- The Washington Times - Tuesday, July 10, 2012

Ivory Wave, Vanilla Sky and Bliss may sound like products from the cosmetics aisle, but they are far from luxurious. They are street names for a dangerous drug known as “bath salts.”

First appearing in the U.S. in late 2010, bath salts are a member of the “white crystal” family of designer drugs that includes crystal meth and PCP, and have quickly gained notoriety as cheap, potent, addictive, readily available and occasionally lethal. One researcher compares their impact, whether taken orally or by injection, to an amphetamine cocktail with a cocaine chaser.

“Bath salts” generally include three main components: mephedrone, methylone and MDPV, although the exact composition varies and inert ingredients are often added.

The drug is an “upper” like meth, but can cause users to become paranoid and harm themselves and those around them. In a remarkably short period of time, bath salts have left a gruesome trail of destruction and soared to the top of law enforcement priorities.

One bath-salts user in Louisiana committed suicide because he thought police were after him. Another user was found wandering the West Virginia woods in women’s underwear after he stabbed a goat.

Because of the bizarre nature of the reported crime, Miami police last month at first thought suspect Rudy Eugene had abused bath salts before a cannibalistic attack on a homeless man. Toxicology reports later proved otherwise.

Lack of information

Federal regulators and law enforcement officials have been frustrated in part by the lack of information about the drug, which left bath salts readily available in convenience stores, gas stations and online. None of the standard drug-use surveys conducted in 2011 included questions about bath salts, and the Substance Abuse and Mental Health Services Administration, the authority on drug usage trends, is not expected to release its findings until September.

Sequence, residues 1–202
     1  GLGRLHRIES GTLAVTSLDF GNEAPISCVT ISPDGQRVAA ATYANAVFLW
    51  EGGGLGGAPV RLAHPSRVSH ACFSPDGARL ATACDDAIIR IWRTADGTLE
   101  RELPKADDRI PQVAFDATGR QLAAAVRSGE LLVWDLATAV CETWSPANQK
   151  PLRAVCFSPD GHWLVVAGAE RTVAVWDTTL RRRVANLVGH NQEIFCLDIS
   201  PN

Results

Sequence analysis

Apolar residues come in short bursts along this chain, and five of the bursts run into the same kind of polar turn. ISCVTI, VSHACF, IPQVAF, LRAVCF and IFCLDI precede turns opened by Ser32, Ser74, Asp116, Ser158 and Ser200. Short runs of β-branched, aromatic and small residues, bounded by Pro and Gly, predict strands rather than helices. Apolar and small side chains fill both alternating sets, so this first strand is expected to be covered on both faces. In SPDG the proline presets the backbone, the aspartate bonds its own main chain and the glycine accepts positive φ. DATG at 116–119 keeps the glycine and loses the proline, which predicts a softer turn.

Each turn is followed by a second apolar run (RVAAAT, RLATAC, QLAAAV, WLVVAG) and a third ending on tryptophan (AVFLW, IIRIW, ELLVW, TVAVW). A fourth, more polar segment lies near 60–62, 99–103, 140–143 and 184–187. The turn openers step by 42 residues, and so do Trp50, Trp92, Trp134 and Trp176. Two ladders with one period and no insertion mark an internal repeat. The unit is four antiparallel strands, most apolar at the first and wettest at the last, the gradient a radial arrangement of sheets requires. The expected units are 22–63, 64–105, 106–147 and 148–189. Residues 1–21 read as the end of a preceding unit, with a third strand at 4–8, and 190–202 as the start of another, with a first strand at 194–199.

“We lack sufficient data to understand the full scope of the problem,” said Rafael LeMaitre, spokesman for the White House Office of National Drug Control Policy. “But we do know enough to know it is a big problem for the public.”

So big that President Obama on Monday signed into law a broad food-and-drugs bill that includes provisions that put mephedrone and MDPV on the list of so-called “Schedule I” controlled substances, effectively making the drug illegal.

Bath salts first popped up in the U.S. in October 2010. A year later, before the federal ban, the Drug Enforcement Administration placed a one-year ban on the three main components of the drug while the Department of Health and Human Services studied its effects. During that temporary federal ban, 41 states outlawed Cathinones, a broad category of substances that includes bath salts.

In the meantime, though, the drug was not hard to find. Falsely packaged as a standard bath salt, it sells for anywhere from $15.99 per gram to $35 per gram. Often, the package lists the ingredients of regular bath salts instead of drugs, causing a headache for producers of the luxury toiletry.

However, it is distinguishable from regular bath salts by the label common across all packages marked “not for human consumption.” This allows colorful and opinionated websites such as BathSaltsDrug.com and Ivory-Wave.com to sell their product without fear of any consequences, as long as there is a small disclaimer at the bottom that children under 18 are not allowed to use the website.

Meth + coke

Because the drug is so new, standard drug tests can’t check urine or blood for it, making it increasingly popular with athletes, transportation workers, military personnel and anyone else who gets drug-tested regularly.

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